Tuesday, October 22, 2013


Show extended to the end of October!

in Virgil, Ontario

Artist's Statement
So, you know what spying does? It creates privileged information. Such information and such privilege is never benign, as in, “it was being observed” or “it was being monitored”, rather, it is always both promissory and secretive. The question is, “How does such knowledge come about and why is it valuable?” What is the worth, for instance, of information tantamount to espionage?
I mention this because Harper's government is now caught spying on (or in) Brazil (the details from the CBC are shaky). I emphasize the word, “caught”. God bless the whistle-blower. What better illustration of Pierre Trudeau's remarks on authority and obedience:

In the last analysis any given political authority exists only because men consent to obey it. In this sense what exists is not so much authority as the obedience.
Approaches to Politics (Toronto/ Oxford University Press 1970, p. 31)

One way to think of the value or worth of such privileged information, protected under penalty of law, and so, jail, and so, the threat of battery and rape (if I am to believe every cop drama out there), is if, by offensively tapping private correspondence and individuals, a few insiders improve their monitory stock, then this is a matter for our courts—as there are laws against the use of privileged, propitiatory information in this way, laws for theft and blackmail—it's called 'insider trading', isn't it? Harper with his economics degree (B.A.) and M.A. thesis on 'business cycles' comprehends this. . . .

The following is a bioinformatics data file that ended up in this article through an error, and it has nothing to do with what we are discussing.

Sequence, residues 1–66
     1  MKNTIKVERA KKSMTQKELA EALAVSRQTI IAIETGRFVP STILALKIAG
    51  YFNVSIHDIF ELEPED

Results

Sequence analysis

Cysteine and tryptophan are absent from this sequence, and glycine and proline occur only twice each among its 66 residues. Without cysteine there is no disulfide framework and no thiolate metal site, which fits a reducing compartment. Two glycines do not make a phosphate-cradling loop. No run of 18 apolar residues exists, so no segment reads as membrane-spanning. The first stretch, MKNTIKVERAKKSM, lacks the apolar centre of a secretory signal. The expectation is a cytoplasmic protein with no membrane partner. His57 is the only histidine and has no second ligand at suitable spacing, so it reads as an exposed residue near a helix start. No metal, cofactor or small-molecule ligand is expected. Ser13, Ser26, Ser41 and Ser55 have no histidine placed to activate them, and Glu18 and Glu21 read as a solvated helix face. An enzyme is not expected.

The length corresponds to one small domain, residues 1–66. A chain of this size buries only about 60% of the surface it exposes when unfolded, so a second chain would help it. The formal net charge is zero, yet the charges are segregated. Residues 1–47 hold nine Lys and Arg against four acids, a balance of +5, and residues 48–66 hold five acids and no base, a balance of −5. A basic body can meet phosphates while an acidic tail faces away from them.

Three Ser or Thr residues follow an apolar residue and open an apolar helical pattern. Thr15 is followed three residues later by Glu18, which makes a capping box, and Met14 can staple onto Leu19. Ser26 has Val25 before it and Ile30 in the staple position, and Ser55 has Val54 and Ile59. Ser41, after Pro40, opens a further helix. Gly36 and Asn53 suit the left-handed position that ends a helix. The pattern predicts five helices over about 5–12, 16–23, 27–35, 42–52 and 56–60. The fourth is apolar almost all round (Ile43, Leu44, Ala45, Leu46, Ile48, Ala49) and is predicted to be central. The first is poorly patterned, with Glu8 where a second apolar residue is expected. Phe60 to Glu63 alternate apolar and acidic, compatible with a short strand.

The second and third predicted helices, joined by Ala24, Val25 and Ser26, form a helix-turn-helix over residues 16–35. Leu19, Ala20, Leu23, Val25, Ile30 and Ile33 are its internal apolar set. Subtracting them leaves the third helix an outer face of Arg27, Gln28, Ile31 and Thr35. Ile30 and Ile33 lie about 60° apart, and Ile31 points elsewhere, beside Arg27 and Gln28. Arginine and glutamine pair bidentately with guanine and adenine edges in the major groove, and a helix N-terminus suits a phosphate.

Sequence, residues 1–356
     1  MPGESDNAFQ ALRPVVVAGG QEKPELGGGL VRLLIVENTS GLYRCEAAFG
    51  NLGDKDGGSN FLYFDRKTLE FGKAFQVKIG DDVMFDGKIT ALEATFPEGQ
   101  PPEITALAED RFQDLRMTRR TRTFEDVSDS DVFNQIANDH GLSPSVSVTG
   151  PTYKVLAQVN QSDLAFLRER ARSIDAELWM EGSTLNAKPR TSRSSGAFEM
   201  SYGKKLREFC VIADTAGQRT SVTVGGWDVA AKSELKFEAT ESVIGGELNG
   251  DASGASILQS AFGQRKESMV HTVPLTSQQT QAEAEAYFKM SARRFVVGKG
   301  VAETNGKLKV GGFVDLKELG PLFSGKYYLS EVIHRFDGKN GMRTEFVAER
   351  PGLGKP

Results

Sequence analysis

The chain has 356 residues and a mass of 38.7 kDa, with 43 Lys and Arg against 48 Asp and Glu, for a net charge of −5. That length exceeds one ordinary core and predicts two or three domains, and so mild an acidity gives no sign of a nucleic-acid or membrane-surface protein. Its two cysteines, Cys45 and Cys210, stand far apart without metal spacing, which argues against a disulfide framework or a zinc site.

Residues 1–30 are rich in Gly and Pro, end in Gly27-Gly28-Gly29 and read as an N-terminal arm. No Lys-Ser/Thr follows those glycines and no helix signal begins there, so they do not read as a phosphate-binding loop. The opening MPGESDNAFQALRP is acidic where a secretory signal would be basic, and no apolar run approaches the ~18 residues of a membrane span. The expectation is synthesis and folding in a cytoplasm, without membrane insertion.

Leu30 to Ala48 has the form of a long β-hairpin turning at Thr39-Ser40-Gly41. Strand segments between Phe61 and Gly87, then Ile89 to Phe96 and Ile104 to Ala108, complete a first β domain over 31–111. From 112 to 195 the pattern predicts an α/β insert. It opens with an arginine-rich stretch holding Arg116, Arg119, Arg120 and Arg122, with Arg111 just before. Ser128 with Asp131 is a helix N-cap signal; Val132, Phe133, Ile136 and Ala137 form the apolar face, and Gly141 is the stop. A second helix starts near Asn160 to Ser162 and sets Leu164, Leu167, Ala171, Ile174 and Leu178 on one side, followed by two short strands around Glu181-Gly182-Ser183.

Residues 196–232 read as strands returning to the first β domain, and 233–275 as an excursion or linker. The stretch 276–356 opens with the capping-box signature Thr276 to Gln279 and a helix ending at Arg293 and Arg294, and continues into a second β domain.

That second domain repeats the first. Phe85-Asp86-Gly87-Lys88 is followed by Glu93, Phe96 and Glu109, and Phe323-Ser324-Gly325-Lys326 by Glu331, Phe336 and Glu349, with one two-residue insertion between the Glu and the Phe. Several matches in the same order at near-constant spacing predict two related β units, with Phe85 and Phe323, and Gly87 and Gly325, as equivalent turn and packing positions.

However, let's forget about Brazil and any and all that court-drama, courtiers and where they just so happen to live, as that stuff doesn't actually matter at all. Rather, it's the purposeful creation of a class of people who have gained access to such insider, propitiatory information – that creates a distinction between all-out-knowledge and the knowledge attainable by the pubic, by 'me'—I'm not talking about knowing secrets of the accepted sort, bound up in the stupid or just childish notion of a secret that can be broken like one's word can be broken: I'm not saying that it's wrong or right, good or bad, to reveal a secret. What is at issue is that whole popular morality of “what happens in x stays in x” (where x is the “Vegas” of pop-culture or “the field” of Vietnam War vets)—a morality with just about as much validity as yelling “Shotgun!” and expecting everyone to obey automatically and without exception the command, “I get to sit up front.” Secrets, as facts, have no claim on one's conscience. You keep them or you don't. No, it's something greater then the secret that has a bearing on our freedom—of conscience.
Creating secrecy that must be obeyed—what do you call that? In this case, “because we're looking out for you”, “because we have your best interests at heart”—it is a violation of every Canadians' birth-given rights. And by birth-given rights, or our so-called 'charter rights', I am invoking natural and human rights, not just our 'privileges' but our furthest ancestor-given rights—unassailable. To be without them is to be better off not having been born. The freedom of conscience, right? The freedom from class-discrimination, right? Imagine a government that treats its tax-payers as if they were the silly child and they the government were the all-knowing adult! What a bizarre articulation of a class-discrimination! What an aberration of conscience! On the other hand, how blatant a foe, eh? Just listen for them to say we owe our allegiance because we are Canadians, to say that we must not think, we must merely obey.
And yet we, unlike the child they wish we'd remain, can ask, Why should we obey? Because they can imprison us? Shoot us? Murder us—? Or, perhaps worse: charge us compound interest?